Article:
What route through the Town of Chesterton should the Dunes-Kankakee Trail
take on its way from Indiana Dunes State Park to the Kankakee River near
At a visioning workshop Thursday night, the 25 or so folks in attendance
reached something like a consensus, first on the benefits which they would
like the D-K Trail to confer on Chesterton, and second on the most likely
Gregg Calpino of SEH of Indiana—the town’s contracted trail consultant,
funded through a 50/50 grant awarded to Chesterton by the Lake Michigan
Coastal Program—opened the session with a brief synopsis of the possible
routes, as Chesterton extends the D-K from its southern terminus in Porter
in the area of Waverly Road and Woodlawn Ave.:
•East on Woodlawn to Ind. 49 and south.
•West to 15th Street, then south to the eastern terminus of the Prairie-Duneland
Trail, west to 23rd Street, north to 1100N, and east.
•From 1100N the D-K could plunge south along 11th Street and Meridian Road.
Or it could connect to South Calumet Road and thence Ind. 49. Or it could
jog south to 100E and then east along Rail Road to Coffee Creek Center.
•Or from 15th Street the D-K could go east along Broadway and into the
•From the Downtown it could follow Coffee Creek ultimately as far as the
Coffee Creek Watershed Preserve.
•Or it could take a right and go south along South Calumet Road into the
South Calumet District.
•Or, finally, the D-K could take a southerly route along Fifth Street to
Or, Calpino said, the ultimate route could be some hybrid of the seven basic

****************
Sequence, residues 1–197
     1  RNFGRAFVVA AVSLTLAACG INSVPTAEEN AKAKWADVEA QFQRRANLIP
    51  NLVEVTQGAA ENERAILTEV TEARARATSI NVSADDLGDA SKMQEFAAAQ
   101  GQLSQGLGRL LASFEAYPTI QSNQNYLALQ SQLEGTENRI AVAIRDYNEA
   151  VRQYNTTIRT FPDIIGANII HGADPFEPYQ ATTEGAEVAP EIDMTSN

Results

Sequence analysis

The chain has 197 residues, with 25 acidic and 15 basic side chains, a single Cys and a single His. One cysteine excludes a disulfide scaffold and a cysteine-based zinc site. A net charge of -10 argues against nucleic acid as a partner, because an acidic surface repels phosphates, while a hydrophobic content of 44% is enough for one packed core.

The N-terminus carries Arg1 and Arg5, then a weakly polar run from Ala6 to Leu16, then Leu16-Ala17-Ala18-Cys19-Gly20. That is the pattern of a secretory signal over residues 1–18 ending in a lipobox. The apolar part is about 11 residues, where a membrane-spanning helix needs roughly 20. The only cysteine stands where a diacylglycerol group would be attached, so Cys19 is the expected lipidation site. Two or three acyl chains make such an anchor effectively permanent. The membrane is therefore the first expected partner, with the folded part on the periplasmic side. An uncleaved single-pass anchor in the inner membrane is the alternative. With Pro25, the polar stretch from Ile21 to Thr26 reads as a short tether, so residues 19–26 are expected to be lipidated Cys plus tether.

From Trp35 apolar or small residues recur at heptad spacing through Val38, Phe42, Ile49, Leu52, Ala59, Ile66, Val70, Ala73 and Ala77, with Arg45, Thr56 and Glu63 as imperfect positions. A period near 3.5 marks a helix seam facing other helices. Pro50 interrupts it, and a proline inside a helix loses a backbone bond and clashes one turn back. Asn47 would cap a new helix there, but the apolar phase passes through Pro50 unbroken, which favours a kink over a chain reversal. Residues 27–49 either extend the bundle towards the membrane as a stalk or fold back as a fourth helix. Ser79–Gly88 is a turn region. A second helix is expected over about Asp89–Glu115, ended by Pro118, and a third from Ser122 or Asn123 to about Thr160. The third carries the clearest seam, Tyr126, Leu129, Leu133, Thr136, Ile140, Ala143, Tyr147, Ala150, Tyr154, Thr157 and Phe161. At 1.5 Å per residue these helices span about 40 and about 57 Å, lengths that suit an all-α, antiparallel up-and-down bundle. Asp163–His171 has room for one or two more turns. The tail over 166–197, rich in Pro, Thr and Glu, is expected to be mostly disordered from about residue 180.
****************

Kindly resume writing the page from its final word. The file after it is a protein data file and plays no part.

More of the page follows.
Each of the alternatives has its pluses and minuses, Calpino said. Ind. 49
is a “direct spine” with ample right-of-way but it wouldn’t provide a very
scenic experience, what with the high volume of high-speed traffic.
The Broadway route into the Downtown would expose the business district to
the dollars of out-of-towners but there’s a lot of parking, the street is
very narrow, and there isn’t much right-of-way.
The Coffee Creek corridor would be very scenic but expensive to construct
and probably to maintain against the threat of flooding.
Fifth Street is nice and quiet, Calpino suggested, but bypasses the Downtown
and is a little “one-note.”
The basic question posed by Calpino—do folks want trail users simply to pass
through Chesterton or to enjoy the town, its amenities, and in particular
its businesses—folks appeared to answer with an eye on economic benefits: it
would be nice if the trail exposed users to the Downtown. Or as one man put
it, a route through the Downtown is “very critical.”
But a Downtown route begs more questions really than it answers. How to get
it to the Downtown and how to get it out.
Town Council Member Jim Ton, R-1st, seemed amenable almost to any route but
two: Ind. 49 and Meridian Road. The former’s “not in character” with a
bike/hike trail, the latter would bypass the Downtown entirely.
Town Council Member Emerson DeLaney, R-5th, has this idea: run the D-K along
the abandoned railroad right-of-way south of the Norfolk Southern line, from
15th Street east to the Downtown, at which point the trail could pass behind
the South Calumet Road business block along Lois Lane and then into and
through Coffee Creek Park. Or from the park up Indiana Ave. and then south
along South Calumet Road.
Gina Darnell, representing the Northwest Indiana Paddlers Association,
suggested the construction of a spur which would open wetlands behind the
Jewel/Osco on Indian Boundary Road.
Burns Harbor resident Brad Enslen altogether rejected the Fifth Street route
as just too “boring.”
Westchester Township resident Sarah Pavlovic wondered whether the D-K would
be a dedicated route or one sharing the roadway with vehicles. Calpino said
that “it would depend on the corridor” but that, ideally, it would be a
dedicated, “separate facility.”
SEH will continue data-gathering through February, Calpino said, and
sometime around Easter will return with a short list of three or so possible
routes. After a second input session, SEH will complete a draft master plan
for the Chesterton stretch of the route, including cost estimates.